My son is never without a stick in his hand. Or five or six. Some days it’s a cane. Usually it’s a sword or gun. Yesterday he made sticks into arrows by decorating the tips with beech leaves. Sticks make forts, pretend campfires and real ones. They sail down streams as boats. They draw in the sand.
I watched a daycare outing to the park the other day. Everywhere little hands grabbed sticks. “Put those down! No sticks!” came the voice. It would have been easier to have banned the children from the playground equipment. The playground slide was ho-hum. The sticks were irresistible.
The lowly Stick is so universally popular that officials at Rochester’s National Toy Hall of Fame have inaugurated the Stick as one of childhood’s prize toys, based on universality, longevity and creativity. Everywhere the world round, children love sticks.
Stick play also scares many grown-ups. Sticks evoke danger (“you’ll put your eye out!”), conflict (“OK, that’s enough you two!”) and violence (“that’s not a gun, that’s a magic wand.”).
I say put life first and safety second.
Put creativity first and worries last.
Welcome social play and understand that social interaction includes conflict.
Teach nature’s realities but don’t vilify them.
Danger and risk. We focus on the wrong dangers. Riding in a car is statistically much more dangerous, yet we think nothing of taking our child for a ride. Yes, I do know of people who have lost vision in accidents to sticks and other objects. Life is not completely safe. It is better that we live than that we never have a chance to live at all.
Conflict and opportunity. When someone swings a stick too close to another person, there’s certainly conflict. But instead of shutting down the game because conflict “might” happen, embrace the opportunity. “Your stick is too close to his body. Where can you move so he will feel safe?” Stick play is one more opportunity to practice conflict mediation.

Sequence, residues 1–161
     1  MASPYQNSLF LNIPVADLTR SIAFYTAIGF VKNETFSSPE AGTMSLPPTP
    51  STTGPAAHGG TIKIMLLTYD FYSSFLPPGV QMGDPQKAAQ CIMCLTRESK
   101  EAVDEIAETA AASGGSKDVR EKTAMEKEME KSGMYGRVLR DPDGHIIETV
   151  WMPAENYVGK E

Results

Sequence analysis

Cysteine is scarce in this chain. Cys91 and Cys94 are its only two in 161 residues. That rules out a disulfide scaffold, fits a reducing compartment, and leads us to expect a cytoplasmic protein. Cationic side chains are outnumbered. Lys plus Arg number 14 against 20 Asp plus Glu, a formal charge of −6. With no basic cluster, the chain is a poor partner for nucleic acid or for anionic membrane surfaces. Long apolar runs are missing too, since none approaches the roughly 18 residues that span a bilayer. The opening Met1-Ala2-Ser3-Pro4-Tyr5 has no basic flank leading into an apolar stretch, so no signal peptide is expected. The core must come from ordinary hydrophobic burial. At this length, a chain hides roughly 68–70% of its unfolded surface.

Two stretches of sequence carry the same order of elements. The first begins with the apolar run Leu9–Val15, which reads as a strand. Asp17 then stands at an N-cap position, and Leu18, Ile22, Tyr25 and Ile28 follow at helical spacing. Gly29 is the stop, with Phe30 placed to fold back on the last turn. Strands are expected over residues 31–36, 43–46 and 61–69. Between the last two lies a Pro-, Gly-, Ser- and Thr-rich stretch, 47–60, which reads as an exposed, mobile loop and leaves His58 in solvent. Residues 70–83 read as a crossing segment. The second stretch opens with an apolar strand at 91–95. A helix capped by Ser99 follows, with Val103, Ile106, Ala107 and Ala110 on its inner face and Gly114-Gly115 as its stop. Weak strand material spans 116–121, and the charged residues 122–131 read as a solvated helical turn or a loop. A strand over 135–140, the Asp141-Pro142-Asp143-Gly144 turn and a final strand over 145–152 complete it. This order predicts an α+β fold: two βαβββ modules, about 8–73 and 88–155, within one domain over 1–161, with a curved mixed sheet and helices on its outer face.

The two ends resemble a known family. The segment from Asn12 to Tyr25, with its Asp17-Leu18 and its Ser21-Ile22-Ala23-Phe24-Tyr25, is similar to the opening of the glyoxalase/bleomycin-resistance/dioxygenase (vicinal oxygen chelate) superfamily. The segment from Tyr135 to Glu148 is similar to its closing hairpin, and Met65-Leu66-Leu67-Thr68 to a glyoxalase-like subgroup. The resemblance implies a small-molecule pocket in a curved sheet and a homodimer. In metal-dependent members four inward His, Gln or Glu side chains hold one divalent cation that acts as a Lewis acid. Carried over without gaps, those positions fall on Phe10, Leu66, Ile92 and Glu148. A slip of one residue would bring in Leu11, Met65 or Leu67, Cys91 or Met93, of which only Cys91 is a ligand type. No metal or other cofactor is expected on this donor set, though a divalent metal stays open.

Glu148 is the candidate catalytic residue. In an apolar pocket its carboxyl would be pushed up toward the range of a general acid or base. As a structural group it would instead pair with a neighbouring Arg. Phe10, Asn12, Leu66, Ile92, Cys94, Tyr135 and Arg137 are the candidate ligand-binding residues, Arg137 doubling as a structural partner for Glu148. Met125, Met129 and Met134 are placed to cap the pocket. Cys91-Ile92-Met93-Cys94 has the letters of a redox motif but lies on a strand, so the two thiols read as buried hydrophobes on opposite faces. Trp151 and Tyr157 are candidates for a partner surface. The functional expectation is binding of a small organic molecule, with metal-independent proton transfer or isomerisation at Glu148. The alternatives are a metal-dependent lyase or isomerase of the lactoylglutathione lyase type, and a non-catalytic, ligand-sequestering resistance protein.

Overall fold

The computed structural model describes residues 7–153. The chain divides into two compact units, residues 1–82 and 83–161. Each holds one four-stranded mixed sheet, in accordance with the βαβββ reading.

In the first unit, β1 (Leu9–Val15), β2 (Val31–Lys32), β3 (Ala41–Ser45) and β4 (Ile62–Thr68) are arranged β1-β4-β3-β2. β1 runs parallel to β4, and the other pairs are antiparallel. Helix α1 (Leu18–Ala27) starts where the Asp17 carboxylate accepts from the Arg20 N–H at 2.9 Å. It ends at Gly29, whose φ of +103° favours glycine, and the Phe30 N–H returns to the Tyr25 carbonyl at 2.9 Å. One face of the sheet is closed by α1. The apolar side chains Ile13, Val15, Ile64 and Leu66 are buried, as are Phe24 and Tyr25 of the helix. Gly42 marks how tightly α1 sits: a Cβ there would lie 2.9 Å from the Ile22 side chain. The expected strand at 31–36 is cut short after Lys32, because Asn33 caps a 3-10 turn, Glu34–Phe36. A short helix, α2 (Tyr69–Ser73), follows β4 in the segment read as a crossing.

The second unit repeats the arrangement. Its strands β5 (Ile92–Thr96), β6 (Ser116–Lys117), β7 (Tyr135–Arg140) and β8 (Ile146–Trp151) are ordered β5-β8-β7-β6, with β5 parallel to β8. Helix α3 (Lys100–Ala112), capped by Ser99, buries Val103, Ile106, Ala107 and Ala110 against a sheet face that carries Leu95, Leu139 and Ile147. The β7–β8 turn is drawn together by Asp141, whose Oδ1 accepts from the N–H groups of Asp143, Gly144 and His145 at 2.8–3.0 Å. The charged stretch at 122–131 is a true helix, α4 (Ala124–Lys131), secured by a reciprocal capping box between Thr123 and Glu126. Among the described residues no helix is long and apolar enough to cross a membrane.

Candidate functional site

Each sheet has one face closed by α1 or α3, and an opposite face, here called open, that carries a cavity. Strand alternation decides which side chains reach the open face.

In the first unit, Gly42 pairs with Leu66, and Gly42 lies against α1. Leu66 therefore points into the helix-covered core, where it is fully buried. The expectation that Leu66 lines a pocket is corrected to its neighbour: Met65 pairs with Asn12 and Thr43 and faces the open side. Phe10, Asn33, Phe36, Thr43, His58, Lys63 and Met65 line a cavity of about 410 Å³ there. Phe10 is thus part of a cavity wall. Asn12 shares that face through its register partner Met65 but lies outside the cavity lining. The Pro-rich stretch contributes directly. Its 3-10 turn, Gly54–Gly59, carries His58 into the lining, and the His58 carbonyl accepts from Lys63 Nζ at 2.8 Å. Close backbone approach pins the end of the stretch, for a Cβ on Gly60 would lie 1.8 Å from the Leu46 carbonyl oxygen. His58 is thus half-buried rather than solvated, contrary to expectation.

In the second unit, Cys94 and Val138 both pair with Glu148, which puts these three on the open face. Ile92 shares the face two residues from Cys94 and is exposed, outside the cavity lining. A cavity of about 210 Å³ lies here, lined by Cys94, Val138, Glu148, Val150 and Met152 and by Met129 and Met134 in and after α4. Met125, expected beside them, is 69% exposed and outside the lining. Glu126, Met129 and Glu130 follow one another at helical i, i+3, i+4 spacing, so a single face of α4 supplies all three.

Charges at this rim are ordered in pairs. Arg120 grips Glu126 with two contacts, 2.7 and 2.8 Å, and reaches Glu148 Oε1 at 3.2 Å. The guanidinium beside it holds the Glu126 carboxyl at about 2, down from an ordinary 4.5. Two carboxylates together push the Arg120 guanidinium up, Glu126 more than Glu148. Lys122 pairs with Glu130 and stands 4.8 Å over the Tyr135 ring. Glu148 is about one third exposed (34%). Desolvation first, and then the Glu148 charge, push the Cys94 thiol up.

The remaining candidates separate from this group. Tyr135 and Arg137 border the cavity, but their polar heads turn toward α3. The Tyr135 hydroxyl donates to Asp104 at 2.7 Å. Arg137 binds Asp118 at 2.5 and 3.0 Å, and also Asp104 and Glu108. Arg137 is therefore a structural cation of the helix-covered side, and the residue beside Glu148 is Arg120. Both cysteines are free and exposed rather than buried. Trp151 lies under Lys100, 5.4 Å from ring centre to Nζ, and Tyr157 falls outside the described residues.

Violence and social play. Saying ‘bang’ with a stick gun is social play. It’s about creativity and social interaction, not violence. It’s the smiles and real-life behavior that counts, not the topic. (lots more about this in my chapter Bombs, guns and bad guys allowed.)
Of course, crossing swords with sticks isn’t everyone’s cup of tea, and on days when my 4-year-old hasn’t napped, he can’t hold it together. But when he’s well rested, crossing swords with sticks is high fun. It’s social play with a partner. It boosts brain power, too. Each player has to hit with just the right timing and power. The game is so much fun they’re both motivated to keep the game going. That involves reading social cues and emotions. It also takes great impulse control which reinforces brain development in the frontal lobe – which even benefits academics later on.
Nature as safe or dangerous. For kids who don’t get outside much, the great outdoors is sometimes presented as terrifying. “Don’t touch that – it might be poison ivy!” “Stay on the path – you don’t know what might be out there.” And of course, “Put down that stick!” Nature is neutral. We need to give kids enough experience so they know how to respond. Ex: wet logs are slippery, sticks can hurt, rocks can tip, branches can snap.
And face it, sometimes we also feel oddly guilty when our children prefer a simple stick to the expensive toy ignored in the living room.
It bears keeping in mind especially at this season. Which toys that you buy will be as treasured and versatile as the simple stick? Kids need space and time and freedom to play more than they need extra toys. Bypass the toy store. Instead stop by an appliance store for a huge empty cardboard box. The Cardboard Box is also in the Hall of Fame.
Should safety always be first? Do you let kids play with sticks? How do you balance safety and risk in nature or in other areas of life?